“I needed to go through what I did because that’s what helps me understand the people I work with,” said Jorgina Sunn. The indigenous singer/songwriter was the featured speaker at Parkland Restorative Justice’s Banquet in the Woods, held April 22, 2017, in Prince Albert.
Sunn, who is also a recipient of the Aboriginal Order of Canada Award, was born with fetal alcohol syndrome and spent her early years in foster care. Adopted by a non-indigenous family, she suffered sexual, physical and emotional abuse at the hands of her adoptive parents. By the age of five, she says she felt she was worth nothing. In high school, she began using drugs and alcohol. She eventually fled to Calgary, where she became addicted to crack cocaine.
Along the way, Sunn became estranged from her family, served time in a federal penitentiary, and sought safety and security in street gangs. “My children were taken away because I couldn’t offer them a home,” she said.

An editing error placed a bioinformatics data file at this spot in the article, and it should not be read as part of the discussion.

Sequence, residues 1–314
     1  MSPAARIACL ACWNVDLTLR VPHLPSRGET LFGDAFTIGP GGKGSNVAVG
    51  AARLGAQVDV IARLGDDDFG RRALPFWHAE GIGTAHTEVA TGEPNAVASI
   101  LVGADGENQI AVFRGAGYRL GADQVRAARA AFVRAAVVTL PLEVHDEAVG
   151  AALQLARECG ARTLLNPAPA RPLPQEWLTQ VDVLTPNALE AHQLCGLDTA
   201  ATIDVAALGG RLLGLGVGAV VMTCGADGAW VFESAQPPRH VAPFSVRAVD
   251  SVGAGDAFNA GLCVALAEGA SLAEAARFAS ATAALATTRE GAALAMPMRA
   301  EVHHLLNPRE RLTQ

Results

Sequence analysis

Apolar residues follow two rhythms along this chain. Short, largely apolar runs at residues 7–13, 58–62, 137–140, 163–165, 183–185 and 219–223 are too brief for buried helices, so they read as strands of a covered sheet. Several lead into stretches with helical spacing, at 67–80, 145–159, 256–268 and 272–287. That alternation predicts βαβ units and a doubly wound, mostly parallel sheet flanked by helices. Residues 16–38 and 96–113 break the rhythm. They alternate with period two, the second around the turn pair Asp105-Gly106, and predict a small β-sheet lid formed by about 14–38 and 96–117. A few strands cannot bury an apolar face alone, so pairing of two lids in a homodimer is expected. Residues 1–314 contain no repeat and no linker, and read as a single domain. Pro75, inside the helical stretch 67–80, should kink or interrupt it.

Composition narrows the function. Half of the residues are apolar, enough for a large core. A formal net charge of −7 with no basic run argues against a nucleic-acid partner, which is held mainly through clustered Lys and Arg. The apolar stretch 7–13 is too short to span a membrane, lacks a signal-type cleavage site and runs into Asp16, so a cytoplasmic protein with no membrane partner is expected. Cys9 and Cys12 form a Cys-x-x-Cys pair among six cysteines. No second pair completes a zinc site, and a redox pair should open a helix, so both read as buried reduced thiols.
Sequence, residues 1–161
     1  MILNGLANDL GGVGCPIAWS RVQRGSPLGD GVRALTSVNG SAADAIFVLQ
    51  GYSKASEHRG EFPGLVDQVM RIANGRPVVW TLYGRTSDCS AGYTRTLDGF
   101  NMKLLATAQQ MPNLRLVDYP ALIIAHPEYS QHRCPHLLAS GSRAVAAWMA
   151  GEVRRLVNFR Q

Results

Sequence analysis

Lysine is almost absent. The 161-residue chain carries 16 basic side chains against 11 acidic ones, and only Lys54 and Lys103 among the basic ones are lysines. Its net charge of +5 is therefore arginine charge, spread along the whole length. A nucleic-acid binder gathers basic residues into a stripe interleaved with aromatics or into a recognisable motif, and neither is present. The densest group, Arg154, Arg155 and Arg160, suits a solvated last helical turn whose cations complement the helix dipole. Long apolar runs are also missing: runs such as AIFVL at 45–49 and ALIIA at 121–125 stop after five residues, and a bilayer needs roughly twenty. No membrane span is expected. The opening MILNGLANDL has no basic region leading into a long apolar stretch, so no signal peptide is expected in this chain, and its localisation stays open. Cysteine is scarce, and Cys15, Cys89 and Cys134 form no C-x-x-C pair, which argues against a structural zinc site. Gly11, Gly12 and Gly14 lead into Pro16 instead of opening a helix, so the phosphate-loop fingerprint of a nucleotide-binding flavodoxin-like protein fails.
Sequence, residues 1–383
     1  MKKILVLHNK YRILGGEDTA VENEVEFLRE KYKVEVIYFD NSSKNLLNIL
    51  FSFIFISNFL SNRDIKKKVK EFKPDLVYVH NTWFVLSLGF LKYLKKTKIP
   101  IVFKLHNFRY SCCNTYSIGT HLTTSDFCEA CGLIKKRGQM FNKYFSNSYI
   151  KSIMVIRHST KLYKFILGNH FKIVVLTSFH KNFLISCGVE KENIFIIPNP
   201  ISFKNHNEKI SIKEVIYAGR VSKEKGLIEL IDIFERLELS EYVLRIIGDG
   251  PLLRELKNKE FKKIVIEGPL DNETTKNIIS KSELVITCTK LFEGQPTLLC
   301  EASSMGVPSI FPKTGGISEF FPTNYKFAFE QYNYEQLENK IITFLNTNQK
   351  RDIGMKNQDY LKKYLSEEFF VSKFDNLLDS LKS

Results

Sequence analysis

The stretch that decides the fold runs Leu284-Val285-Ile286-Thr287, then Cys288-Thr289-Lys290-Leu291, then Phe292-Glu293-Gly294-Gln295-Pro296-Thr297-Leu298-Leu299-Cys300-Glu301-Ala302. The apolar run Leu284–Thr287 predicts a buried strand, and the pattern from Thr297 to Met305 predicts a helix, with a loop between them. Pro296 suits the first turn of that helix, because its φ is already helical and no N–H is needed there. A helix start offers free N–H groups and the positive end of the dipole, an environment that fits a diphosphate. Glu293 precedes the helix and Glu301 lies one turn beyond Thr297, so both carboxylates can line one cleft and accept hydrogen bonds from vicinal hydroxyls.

Eventually, Sunn reached a turning point. She knew that if she didn’t turn her life around, she would die. And so she moved to Saskatoon, where she entered a detox program and sought counselling. She also found help through a program called STR8 UP.
Founded by Father Andre Poilievre, STR8 UP helps individuals wanting to escape the gang lifestyle. In the program, Sunn learned to break the cycle of abuse she had known since childhood and she learned about cycles of peace. “These cycles are reliant on spiritual values such as honesty, hope, faith, love, courage and empathy,” she said.
Because of these positive experiences, she said, “I have re-embraced who I am.”
Sunn now works with several agencies, including STR8 Up and the Elizabeth Fry Society, helping others who are where she was a few years ago.
She recently reconnected with her children. “Thank goodness I changed my life around,” she said, “because now that honour and responsibility has come back to me.”
To watch a music video of Jorgina Sunn’s song, “Freedom,” visit bit.ly/jorgina-sunn-freedom.